African American News and Genealogy

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Wednesday, March 30, 2005

Defense Attorney Johnny Cochran, Jr. Dies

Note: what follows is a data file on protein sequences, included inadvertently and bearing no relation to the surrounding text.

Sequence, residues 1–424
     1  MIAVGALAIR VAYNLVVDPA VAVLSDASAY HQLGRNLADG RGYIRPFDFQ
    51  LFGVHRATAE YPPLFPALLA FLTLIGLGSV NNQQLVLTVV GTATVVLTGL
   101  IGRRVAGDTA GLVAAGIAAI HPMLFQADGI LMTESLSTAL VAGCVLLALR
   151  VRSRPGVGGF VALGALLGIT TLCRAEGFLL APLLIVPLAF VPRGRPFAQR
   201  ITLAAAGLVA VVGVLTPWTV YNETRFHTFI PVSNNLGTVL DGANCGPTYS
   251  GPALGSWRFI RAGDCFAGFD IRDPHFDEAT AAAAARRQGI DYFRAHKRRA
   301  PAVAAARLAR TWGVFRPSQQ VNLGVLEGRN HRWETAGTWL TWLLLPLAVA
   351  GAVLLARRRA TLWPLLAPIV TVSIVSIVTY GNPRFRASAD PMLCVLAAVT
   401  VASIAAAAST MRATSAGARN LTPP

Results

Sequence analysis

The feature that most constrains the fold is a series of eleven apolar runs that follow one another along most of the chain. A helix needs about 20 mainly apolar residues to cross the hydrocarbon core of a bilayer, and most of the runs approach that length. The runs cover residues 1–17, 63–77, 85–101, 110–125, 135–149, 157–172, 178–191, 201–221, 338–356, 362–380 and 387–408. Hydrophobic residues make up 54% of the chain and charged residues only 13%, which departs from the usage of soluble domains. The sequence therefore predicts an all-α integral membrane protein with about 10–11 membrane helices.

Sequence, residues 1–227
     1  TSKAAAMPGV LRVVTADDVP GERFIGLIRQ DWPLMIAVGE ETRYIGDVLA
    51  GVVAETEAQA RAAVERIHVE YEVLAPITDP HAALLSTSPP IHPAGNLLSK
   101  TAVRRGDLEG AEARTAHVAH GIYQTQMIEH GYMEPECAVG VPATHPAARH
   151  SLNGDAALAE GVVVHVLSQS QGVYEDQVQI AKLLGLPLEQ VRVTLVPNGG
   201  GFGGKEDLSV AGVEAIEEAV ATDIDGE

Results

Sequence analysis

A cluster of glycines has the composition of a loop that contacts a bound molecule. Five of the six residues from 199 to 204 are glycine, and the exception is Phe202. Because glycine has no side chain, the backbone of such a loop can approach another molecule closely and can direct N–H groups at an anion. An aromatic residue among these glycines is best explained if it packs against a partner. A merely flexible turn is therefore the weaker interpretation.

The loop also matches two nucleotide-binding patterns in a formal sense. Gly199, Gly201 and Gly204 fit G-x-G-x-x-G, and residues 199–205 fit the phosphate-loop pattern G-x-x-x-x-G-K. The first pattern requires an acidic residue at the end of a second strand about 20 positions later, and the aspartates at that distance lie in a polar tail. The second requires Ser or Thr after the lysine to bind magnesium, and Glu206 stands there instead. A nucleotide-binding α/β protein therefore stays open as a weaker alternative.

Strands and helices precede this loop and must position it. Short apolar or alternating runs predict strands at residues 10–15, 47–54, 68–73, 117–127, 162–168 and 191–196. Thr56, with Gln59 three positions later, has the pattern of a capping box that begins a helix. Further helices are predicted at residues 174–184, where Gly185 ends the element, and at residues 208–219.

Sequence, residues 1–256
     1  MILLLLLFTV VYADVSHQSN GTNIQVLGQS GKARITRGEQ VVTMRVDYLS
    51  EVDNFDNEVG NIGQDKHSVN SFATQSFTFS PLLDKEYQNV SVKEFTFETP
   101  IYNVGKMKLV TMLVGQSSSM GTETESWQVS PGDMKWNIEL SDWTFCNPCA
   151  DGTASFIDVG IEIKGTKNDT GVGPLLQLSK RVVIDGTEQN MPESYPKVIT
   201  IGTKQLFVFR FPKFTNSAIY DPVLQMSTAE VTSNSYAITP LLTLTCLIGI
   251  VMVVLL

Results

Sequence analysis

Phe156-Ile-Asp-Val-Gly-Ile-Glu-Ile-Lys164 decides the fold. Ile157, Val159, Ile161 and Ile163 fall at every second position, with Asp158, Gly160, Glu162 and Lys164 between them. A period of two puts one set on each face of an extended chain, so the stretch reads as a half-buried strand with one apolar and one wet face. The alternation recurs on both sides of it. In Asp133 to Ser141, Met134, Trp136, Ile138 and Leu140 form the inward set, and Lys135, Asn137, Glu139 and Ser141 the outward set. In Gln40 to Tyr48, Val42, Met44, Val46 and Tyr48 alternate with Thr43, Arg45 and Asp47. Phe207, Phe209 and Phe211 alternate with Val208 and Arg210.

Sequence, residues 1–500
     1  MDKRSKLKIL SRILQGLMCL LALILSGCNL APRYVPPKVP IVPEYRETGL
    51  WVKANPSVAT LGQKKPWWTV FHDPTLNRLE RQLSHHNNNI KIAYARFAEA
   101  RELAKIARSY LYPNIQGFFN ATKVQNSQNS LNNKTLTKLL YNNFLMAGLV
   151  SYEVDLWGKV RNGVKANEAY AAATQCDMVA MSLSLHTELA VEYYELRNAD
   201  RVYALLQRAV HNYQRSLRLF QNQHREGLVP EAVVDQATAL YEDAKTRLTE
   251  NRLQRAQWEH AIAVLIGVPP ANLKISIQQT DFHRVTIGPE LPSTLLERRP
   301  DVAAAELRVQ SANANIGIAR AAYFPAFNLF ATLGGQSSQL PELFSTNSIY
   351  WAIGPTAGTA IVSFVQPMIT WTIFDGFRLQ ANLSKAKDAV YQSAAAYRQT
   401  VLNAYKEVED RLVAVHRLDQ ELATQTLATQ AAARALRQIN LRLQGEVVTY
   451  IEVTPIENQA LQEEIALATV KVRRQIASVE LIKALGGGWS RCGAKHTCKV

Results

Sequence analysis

Johnnie Cochran Jr., Who Successfully Defended O.J. Simpson on Murder Charges in 1995, Dies at 67 By LINDA DEUTSCH The Associated Press Mar. 30, 2005 - Johnnie L. Cochran Jr., who was diagnosed with an inoperable brain tumor in December 2003, died Tuesday at his home in the Los Feliz area of Los Angeles. He was 67. Cochran's legal career representing both victims of police abuse and celebrities in peril converged under the media glare when he successfully defended O.J. Simpson from murder charges. With his gift for courtroom oratory, Cochran became known for championing the causes of black defendants and for the iconic phrase, "If it doesn't fit, you must acquit," in Simpson's murder trial. "He was a brilliant strategist who never lost touch with the common man," said Sanford Rubinstein, a former colleague. "He took particular pride in standing up with those who were wrongfully treated. He truly loved people and the public adored him." While Cochran represented celebrities who included professional football players and rappers, he also stuck up for as one colleague put it the "common man." Cochran represented a Haitian immigrant tortured by New York police, a 19-year-old black woman who was shot a dozen times by police as she sat in a locked car and a white trucker who was videotaped being beaten by a mob during the 1992 Los Angeles riots. He proudly displayed copies in his office of the multimillion-dollar checks he won for ordinary citizens who said they were abused by police. "The clients I've cared about the most are the No Js, the ones who nobody knows," he once said. Over the years, Cochran represented football great Jim Brown on rape and assault charges, actor Todd Bridges on attempted murder charges, rappers Tupac Shakur on a weapons charge, Snoop Dogg on a murder charge and Sean "P. Diddy" Combs on gun and bribery charges stemming from a nightclub shooting. Cochran used the "if it doesn't fit" phrase in his closing argument at the Simpson trial, describing the moment when the former football player tried on bloodstained "murder gloves" to show jurors they did not fit. One glove was found at the murder scene; the defense said the other glove was planted at Simpson's home by racist police. Jurors found Simpson not guilty of the 1994 slayings of his ex-wife Nicole Brown Simpson and her friend Ronald Goldman. "I've got to say, I don't think I'd be home today without Johnnie," Simpson said Tuesday by telephone from Florida. "I always tell people, if your kids or your loved ones got in trouble, you would want Johnnie. Even his adversaries respected him." After Simpson's acquittal, Cochran appeared on countless TV talk shows, was awarded his own show on cable's Court TV, traveled the world giving speeches, and was parodied in films and on such TV shows as "Seinfeld" and "South Park." In other cases, Cochran also represented former Black Panther Elmer "Geronimo" Pratt, who spent 27 years in prison for a murder he didn't commit. When Cochran helped Pratt win his freedom in 1997 he called the moment "the happiest day of my life practicing law." He won a $760,000 award in a wrongful death lawsuit filed by the family of Ron Settles, a black college football star who died in police custody in 1981. Cochran challenged police claims that Settles hanged himself in jail after a speeding arrest. The player's body was exhumed and an autopsy revealed that Settles had been choked. His clients included the family of Tyisha Miller, a 19-year-old black woman shot to death by Riverside police who said she reached for a gun on her lap when they broke her car window in an effort to disarm her. "He was an inspiration to many, many young lawyers," said Harvard Law School professor Alan Dershowitz, a colleague on the Simpson case. "It's a sad, sad day." Cochran was born Oct. 2, 1937, in Shreveport, La., the great-grandson of slaves, grandson of a sharecropper and son of an insurance salesman. He came to Los Angeles with his family in 1949, and became one of two dozen black students integrated into Los Angeles High School in the 1950s. His skills as an attorney took shape as a child. He loved to argue, and in high school he excelled in debate. He came to idolize Thurgood Marshall, who would eventually become the Supreme Court's first black justice. After graduating from UCLA, Cochran earned a law degree from Loyola Law School in Los Angeles. He spent two years in the Los Angeles city attorney's office before establishing his own practice, later building his firm into a personal injury giant with more than 100 lawyers and offices around the country. Although he frequently took police departments on in court, Cochran denied being anti-police and supported the decision of his only son, Jonathan, to join the California Highway Patrol. Associated Press writer Greg Risling contributed to this report. Copyright 2005 The Associated Press. All rights reserved. This material may not be published, broadcast, rewritten, or redistributed. Copyright © 2005 ABC News Internet Ventures